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Why Should Sequencing Risk Matter to Your Drawdown Customers?

Author: Adam Robins
02 July, 2020

timing is everything

Being able to bring sequencing risk to life for your customers in a way that aids genuine understanding when setting a drawdown plan is priceless.

Simply put, sequencing risk is the danger of your customer’s pension savings pot being exposed to the worst returns at the worst possible time. This risk will be at its highest in the final few years prior to retirement and as they begin to drawdown income from their pension fund - so timing is everything.

What this comes down to, is the pattern of portfolio returns delivered by the underlying investments due to their inherent unpredictability. Returns will vary from year to year and this volatility makes a big difference to the size of your customer’s pension pot. It will also determine how much they can realistically withdraw to pay for their desired lifestyle in retirement.

As your customer transitions from contributing to their pensions saving pot during their working life (accumulation) to drawing on it (decumulation) this is even more important.

At this stage in your customer’s financial life-cycle, they will have the greatest amount of money at stake, so a run of poor investment returns at the start of it will have a negative impact on the remaining pot that they have to draw upon.

It’s not what you do - it’s the order that you do it. That’s what really gets results.

The key to sequencing risk is the order – or sequence – in which your investment returns occur. During the accumulation phase, your customer probably didn’t worry too much about periods of market volatility, as they would have had many years ahead to smooth out any bumps in the road with their investment returns.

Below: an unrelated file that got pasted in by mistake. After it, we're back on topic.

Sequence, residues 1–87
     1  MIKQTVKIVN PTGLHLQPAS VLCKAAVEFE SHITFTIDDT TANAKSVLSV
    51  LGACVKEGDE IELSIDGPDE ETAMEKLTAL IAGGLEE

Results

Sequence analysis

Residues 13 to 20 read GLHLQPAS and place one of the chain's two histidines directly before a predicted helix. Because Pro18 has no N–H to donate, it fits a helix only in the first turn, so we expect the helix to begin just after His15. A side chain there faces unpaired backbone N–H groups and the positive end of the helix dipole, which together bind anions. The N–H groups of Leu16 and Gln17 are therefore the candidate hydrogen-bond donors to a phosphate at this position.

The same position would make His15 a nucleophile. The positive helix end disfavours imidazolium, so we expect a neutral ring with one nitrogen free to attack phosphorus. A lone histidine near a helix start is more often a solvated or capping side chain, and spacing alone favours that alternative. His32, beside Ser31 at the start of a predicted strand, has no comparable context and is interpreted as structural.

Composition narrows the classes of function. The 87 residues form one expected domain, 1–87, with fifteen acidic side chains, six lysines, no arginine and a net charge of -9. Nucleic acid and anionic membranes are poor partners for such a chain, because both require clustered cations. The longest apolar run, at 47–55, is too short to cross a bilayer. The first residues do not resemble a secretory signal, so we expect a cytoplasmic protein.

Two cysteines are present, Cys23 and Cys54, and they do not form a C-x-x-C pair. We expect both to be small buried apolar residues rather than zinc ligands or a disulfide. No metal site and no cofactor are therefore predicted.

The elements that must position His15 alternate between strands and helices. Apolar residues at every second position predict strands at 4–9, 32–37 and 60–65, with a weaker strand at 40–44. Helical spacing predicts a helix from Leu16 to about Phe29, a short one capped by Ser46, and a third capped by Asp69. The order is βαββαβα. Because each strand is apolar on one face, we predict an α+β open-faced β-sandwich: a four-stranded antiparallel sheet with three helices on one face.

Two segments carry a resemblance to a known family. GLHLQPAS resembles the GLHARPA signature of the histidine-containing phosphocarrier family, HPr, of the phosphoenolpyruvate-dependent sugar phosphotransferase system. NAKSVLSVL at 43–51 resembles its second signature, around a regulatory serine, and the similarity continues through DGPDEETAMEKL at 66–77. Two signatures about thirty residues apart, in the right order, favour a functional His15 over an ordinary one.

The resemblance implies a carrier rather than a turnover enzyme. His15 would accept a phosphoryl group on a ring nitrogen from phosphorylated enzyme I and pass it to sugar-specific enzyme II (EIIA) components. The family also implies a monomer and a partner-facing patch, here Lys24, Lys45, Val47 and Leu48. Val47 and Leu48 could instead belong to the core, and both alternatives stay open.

If a customer’s pension pot value drops 10% when they first start saving for their retirement, it’s easier for them to accept, as their pot is smaller, and there is plenty of time to increase the overall value. However, as they reach the point of retirement, the sequence of investment returns becomes critical. If a customer is only a few years away from retirement, the same negative 10% return will have a considerable impact on their retirement plans. If we consider 30+ years of pension contributions and investment returns have grown their pot to a much larger size, a 10% drop in the value of their pension will have a significant impact - and make your customer think twice about when they can afford to retire.

Considering Sequencing Risk in Drawdown: Timing is Everything

Financial markets switch through periods of bull and bear markets. And following a period of sustained market tailwinds, there tend to be headwinds on the horizon. The impact on a retiree starting to draw an income and entering the market at the ‘wrong’ time can leave them exposed to widely different outcomes.

For instance, a customer choosing to retire when prices have fallen and returns are low (or worse – negative), will need to sell more units of their fund to draw their desired level of retirement income. This will run down their portfolio much more rapidly than if returns were high.